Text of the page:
Apps That Utilize Picture-in-Picture Features in iOS

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If you are familiar with the VLC video player, you may be familiar with VLC playlists as well. When you are playing a video on VLC and need to go into the playlist and select another video, the current video still plays on the side, but as a thumbnail. We also refer to this as Picture in Picture (PIP). PIP allows users to multitask, e.g., make a video call while still typing an email, or answer a text message while watching Netflix.

Recently, Apple has made the iPhone Picture in Picture (PIP) compatible with apps that support the feature with its iOS 14 updates. Unfortunately, not all apps for iPhones will support PIP, though, including the standard YouTube app. This is not a problem with your phone’s software. Rather, app developers have not rewritten their software to be PIP-enabled.

Note: iOS 14 is currently in beta.

Apps That Support Picture in Picture

PIP has been an available feature for the iPad for some time now. Therefore, any app that supports iPad PIP should also work with your iPhone as well. Along with those, you can also use:

  • Video conferencing platforms like FaceTime, Skype, and WhatsApp. Zoom is not supported.
  • Web browsers, e.g., Google Chrome, Firefox, and Safari.
  • Streaming services like Amazon Prime Video, Netflix, Hulu, ESPN, and CNN.
  • Apple Pocket
  • iTunes

YouTube Compatibility

We use YouTube not only to watch videos but also to listen to music. This is why the standard YouTube app not supporting PIP is a bit of a bummer. However, you can use this mode if you have a YouTube Premium account or watch the videos through Google Chrome.

A Compatible App Isn’t Working

If you know that an application you are using is supposed to support picture in picture mode but isn’t, you may want to check for app updates. The app developer needs to write in support for picture in picture, so if you’ve delayed downloading the newest versions on your iPhone or iPad, you won’t be able to take advantage of updates and improvements.

  1. To update your apps, open the App Store.
  2. Tap Today.
  3. Tap your profile picture.
  4. When you scroll down, you’ll see a list of updates available to you. If you see your app, select Update next to it.



To avoid having to update your apps manually, go to Settings > Your Profile > iTunes & App Store. Toggle on App Updates under Automatic Downloads.

How to Use Picture in Picture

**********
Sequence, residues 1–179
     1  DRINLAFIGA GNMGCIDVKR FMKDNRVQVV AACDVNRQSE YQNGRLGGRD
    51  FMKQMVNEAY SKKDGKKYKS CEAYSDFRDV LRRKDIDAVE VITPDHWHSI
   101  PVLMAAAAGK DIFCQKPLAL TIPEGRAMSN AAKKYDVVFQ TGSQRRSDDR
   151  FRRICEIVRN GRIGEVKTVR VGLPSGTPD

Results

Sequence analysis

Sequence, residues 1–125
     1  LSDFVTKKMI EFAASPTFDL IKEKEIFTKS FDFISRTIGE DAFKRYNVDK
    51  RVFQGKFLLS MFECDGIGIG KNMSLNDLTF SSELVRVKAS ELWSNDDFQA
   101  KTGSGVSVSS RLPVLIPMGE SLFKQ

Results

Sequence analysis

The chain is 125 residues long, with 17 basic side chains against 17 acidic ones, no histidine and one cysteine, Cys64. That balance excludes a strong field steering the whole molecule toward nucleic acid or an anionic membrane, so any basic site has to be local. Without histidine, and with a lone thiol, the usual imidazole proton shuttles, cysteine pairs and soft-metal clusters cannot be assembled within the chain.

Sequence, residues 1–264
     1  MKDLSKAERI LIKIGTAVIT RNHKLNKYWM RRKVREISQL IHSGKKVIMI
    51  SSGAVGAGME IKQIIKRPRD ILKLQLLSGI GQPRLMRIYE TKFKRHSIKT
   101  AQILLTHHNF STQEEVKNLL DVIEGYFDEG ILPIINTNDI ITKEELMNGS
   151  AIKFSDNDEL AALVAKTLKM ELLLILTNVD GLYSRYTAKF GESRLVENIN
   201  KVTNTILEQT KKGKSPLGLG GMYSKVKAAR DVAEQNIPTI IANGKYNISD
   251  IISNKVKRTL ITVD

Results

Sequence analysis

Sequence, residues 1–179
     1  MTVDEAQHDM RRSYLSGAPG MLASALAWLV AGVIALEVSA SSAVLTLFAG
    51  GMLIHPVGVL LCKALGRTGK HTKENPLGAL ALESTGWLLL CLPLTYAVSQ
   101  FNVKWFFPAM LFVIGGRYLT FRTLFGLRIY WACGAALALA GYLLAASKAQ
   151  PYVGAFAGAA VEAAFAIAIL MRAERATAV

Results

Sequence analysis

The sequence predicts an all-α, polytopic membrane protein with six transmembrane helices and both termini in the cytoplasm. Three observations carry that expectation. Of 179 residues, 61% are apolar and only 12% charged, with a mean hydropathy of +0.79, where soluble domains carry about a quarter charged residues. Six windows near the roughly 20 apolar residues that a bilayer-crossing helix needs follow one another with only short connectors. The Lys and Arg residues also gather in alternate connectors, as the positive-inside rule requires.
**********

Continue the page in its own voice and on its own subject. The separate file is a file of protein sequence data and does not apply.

Picture in picture is not complicated to use or set up. If you’re watching a video and a message pops up on your screen, go ahead, click the message notification. All that happens is that your video screen will shrink to the size of a thumbnail while you work on the message screen.

When you want to switch back to the video you were watching, all you need to do is double-tap on the PIP window with two fingers.

If you tap on it just once, you will see an X symbol at the top left corner and an open icon in the top right corner. Tapping the X will close the window and tapping on the open icon will resume the video in full screen.

Disable the Feature

If you aren’t a fan of the floating video on your screen, you can disable PIP. Why would you want to do this? If you take a lot of video conference calls throughout the day, you may not want to have a video playing in the background. The other reason is that these thumbnails take up room on your display. Instead of moving it around the screen, you might as well close them out.

  1. Go to Settings > General.
  2. Scroll down the menu until you find Picture in Picture.
  3. Toggle the switch next to Start PIP Automatically off. Now, whether the app is compatible with the feature or not, videos will close out when you switch screens.




Basically, almost all Apple applications with the video display feature work with picture in picture mode. Additionally, many third-party applications that can work on the iPad operating system will most likely support the picture in picture mode. If you are watching videos through a web browser like Google Chrome, even though the browser is compatible, embedded videos on websites may not be. To reiterate, this is not a problem with your phone. It is a case of, “It’s not me, it’s you.”

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